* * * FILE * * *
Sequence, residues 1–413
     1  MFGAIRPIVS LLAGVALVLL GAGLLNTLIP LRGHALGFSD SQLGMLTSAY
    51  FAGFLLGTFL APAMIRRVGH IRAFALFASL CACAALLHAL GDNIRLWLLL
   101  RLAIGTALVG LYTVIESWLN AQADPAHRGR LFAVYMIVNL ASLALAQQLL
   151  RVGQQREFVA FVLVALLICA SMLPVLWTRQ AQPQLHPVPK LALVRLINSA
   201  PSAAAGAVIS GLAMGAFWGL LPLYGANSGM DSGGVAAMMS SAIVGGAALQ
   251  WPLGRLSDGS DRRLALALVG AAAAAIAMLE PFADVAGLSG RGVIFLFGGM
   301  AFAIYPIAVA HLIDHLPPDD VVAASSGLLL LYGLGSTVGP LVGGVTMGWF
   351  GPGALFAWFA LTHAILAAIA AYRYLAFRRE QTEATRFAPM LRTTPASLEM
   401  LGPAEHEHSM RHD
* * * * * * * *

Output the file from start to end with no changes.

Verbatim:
Sequence, residues 1–413
     1  MFGAIRPIVS LLAGVALVLL GAGLLNTLIP LRGHALGFSD SQLGMLTSAY
    51  FAGFLLGTFL APAMIRRVGH IRAFALFASL CACAALLHAL GDNIRLWLLL
   101  RLAIGTALVG LYTVIESWLN AQADPAHRGR LFAVYMIVNL ASLALAQQLL
   151  RVGQQREFVA FVLVALLICA SMLPVLWTRQ AQPQLHPVPK LALVRLINSA
   201  PSAAAGAVIS GLAMGAFWGL LPLYGANSGM DSGGVAAMMS SAIVGGAALQ
   251  WPLGRLSDGS DRRLALALVG AAAAAIAMLE PFADVAGLSG RGVIFLFGGM
   301  AFAIYPIAVA HLIDHLPPDD VVAASSGLLL LYGLGSTVGP LVGGVTMGWF
   351  GPGALFAWFA LTHAILAAIA AYRYLAFRRE QTEATRFAPM LRTTPASLEM
   401  LGPAEHEHSM RHD